“Where’s the Feast? I didn’t expect it to run that fast,” one says.

All Nine of them are here, which means they left the Camp empty. They get closer and closer to the tree, but there’s a moment when they all look East. Now’s your chance.

  • Run to the Grotto (33%)
  • Go to the Camp (67%)

Part 2
(22 votes)

You get to the Fingereater’s Camp. Empty, as you expected, or at least it looks that way—the darkness is overwhelming.

You can see the Altar’s silhouette and the Feast’s preparations. The Instruments are arranged around the Altar, but you can’t see them clearly in the dark. You’re going to need one if you want to survive this night.

The fire is recently extinguished, and ready to start again at any moment, but the Fingereaters are still nearby.

  • Grab an Instrument at random (68%)
  • Start the fire (32%)

Part 3
(16 votes)

The Fingereaters would notice the fire immediately. You decide to grab an Instrument in the dark.

(69%) 😉⭐

Part 4
(19 votes)

You extend a hand towards a sort of stick with protrusions. You grab what you think is the handle, but it feels more like a rag, and the rest of the Instrument is made of the same material, except for about ten little sticks tied with strings that hang from the side. They are all the size of a human finger.

“Who goes there?” you hear.

One of the Fingereaters, Talía, has just returned to the Camp. The others must have sent her for something. They had little time to prepare once you escaped the Feast. You don’t know if she’s looking in your direction.

“If someone is there, I swear I’ll have all my Sisters here in less than a minute,” says Talía, as she approaches the fire to start it.

  • Attack (26%)
  • Hide (74%)

Part 5
(46 votes)

You quickly get inside one of the tents. Luckily, it’s not one the Fingereaters had you in for hours before you managed to escape.

Outisde, Talía starts the fire and begines walking around the Camp. There’s a sound like she grabbed what she came for. She seems satisfied and about to go back to her eight Sisters, when you start to feel a commanding force near you, something inside the tent that calls you with a mute and urgent voice.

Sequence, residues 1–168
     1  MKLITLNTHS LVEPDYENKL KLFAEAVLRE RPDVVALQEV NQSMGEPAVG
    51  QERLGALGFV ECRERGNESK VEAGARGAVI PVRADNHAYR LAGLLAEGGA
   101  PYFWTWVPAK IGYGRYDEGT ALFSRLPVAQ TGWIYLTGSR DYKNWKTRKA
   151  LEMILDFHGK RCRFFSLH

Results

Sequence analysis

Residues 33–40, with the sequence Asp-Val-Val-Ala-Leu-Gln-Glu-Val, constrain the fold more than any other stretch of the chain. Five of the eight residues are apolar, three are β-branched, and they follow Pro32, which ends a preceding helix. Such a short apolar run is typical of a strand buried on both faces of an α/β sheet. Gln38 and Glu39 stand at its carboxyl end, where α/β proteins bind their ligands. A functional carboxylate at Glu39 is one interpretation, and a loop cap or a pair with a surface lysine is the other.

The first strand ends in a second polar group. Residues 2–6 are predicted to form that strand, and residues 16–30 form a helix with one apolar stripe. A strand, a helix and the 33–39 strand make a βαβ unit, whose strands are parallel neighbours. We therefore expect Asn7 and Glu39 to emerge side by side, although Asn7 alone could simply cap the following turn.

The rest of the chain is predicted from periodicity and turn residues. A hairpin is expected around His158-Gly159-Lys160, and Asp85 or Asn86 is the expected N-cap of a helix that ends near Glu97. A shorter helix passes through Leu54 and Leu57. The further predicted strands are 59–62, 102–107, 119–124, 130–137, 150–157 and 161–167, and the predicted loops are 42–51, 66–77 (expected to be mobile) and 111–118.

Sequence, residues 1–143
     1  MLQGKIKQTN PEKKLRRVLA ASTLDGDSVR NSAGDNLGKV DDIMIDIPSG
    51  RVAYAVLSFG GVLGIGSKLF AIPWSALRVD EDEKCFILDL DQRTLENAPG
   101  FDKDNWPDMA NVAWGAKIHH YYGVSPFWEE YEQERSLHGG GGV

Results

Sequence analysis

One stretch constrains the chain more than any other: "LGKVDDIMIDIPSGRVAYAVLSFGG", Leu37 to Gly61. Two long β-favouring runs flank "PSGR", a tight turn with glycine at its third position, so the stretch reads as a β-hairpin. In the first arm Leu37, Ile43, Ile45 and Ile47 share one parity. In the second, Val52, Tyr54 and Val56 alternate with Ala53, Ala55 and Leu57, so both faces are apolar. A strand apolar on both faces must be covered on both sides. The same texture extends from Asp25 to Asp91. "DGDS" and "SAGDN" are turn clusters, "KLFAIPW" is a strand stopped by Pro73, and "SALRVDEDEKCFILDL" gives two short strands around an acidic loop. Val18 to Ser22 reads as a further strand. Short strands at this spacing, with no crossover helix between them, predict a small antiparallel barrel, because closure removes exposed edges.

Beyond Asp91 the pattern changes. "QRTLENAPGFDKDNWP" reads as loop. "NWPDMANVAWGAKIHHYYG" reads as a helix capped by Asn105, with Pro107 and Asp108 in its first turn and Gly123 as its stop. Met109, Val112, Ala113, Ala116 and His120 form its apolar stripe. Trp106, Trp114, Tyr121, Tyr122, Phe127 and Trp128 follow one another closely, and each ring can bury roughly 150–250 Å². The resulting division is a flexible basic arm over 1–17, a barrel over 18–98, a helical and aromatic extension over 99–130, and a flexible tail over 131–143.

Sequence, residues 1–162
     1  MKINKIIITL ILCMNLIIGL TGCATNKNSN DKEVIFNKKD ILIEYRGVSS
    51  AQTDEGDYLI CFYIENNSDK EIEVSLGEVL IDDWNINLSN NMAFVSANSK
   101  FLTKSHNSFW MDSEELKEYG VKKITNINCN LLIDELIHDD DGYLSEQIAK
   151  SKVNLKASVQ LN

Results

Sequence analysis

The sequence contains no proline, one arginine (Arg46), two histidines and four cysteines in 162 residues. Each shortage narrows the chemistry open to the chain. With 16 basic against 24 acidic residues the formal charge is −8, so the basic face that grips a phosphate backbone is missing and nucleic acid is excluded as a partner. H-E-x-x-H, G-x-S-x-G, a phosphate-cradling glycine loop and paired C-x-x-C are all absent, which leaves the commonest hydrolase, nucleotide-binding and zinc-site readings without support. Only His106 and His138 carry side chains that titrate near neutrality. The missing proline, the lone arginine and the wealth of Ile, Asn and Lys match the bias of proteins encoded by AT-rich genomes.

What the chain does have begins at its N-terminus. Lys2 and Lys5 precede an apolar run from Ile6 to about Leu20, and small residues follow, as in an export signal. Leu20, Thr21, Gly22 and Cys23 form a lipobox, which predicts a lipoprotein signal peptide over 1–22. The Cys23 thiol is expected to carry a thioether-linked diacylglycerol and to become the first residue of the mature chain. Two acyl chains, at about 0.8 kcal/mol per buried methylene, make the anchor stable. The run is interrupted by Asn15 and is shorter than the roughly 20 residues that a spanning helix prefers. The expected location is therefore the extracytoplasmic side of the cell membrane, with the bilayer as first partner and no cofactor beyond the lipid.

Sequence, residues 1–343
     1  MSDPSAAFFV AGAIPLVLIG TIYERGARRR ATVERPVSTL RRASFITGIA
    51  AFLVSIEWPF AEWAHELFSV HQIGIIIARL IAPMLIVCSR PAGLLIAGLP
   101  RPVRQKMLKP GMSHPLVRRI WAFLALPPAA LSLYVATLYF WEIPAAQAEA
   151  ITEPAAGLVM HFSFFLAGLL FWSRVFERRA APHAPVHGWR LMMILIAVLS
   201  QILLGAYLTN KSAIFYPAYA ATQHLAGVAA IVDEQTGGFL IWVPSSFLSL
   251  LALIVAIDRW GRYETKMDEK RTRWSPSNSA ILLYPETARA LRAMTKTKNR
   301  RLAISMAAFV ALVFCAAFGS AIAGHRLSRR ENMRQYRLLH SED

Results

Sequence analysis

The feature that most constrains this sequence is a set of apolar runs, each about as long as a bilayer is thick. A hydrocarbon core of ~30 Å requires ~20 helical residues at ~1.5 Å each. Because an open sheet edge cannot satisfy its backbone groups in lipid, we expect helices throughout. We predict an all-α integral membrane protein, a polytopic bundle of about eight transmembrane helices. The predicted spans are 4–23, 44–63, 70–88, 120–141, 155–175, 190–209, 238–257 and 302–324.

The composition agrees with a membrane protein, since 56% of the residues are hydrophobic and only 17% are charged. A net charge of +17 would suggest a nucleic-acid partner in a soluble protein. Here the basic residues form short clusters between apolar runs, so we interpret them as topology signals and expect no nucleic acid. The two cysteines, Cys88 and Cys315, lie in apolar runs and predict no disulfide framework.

You turn around. It’s a piano.

  • Play (65%)
  • Resist (35%)

Part 6
(22 votes)

You begin playing the piano energetically, and it resonates throughout the Camp. There was no way you could have contained the impulse. You improvise an unbridled melody with your right hand, and you try to accompany with the left but without letting go of the raggy Instrument.

You hear Talía whistle and right away you see her entering the tent. Her expression is one of profound disgust, the sound hurts her visibly. The Fingereaters’ laughter starts coming from outside as they get near.

“You’re out of luck, Feast,” she says.

  • Keep on playing (41%)
  • Use Instrument (59%)

Part 7
(18 votes)

You take the raggy Instrument and you… shake it around, pointing vaguely towards Talía. She takes a step back, as if confused, and finally starts showing sings of fear. She has no idea what the Instrument can do outside of the controlled context of the Ritual.

In the confusion, you make a sudden gesture and Talía falls backwards, hitting her head against a vase and losing consciousness. You take the knife she had on her belt and you drop the Instrument, which doesn’t seem to have had any special effect.

As you do that, the other eight Fingereaters arrive at the Camp.

“Where are you, Feast?” says Euterpe with her raspy voice, “We’re waiting for you.”

  • Use Talía as a hostage (33%)
  • Eat her fingers (67%)

Part 8
(13 votes)

“Come here a minute,” your girlfriend calls you from outside, “The sky’s beautiful.”

You were pretty preoccupied in your search for the nail clipper, but you know it can wait. These vacations are helping you understand all the things that, even though they may not seem like it, can wait. You take a deep breath and exit the tent with a smile.

You remember that other tent, almost exactly one year ago, that you came out of very slowly, your heart racing and your mouth filled with blood. Euterpe had been left speechless. Urania stepped forward a little, threatening, but Clío stopped her with a gesture. You spat one of Talía’s pinkies on the ground and it was clear that they could no longer do anything to you: you were one of them.

You look up at the sky. It is beautiful. Your girlfriend raises her eyebrows as if saying, “See?” and you hug her tight. That night, you left the Camp without looking back in the direction of the nearest town. This morning, you sit on a tree trunk and start the fire to make lunch.

  • Y colorín colorado (77%)
  • Este cuento se ha acabado (23%)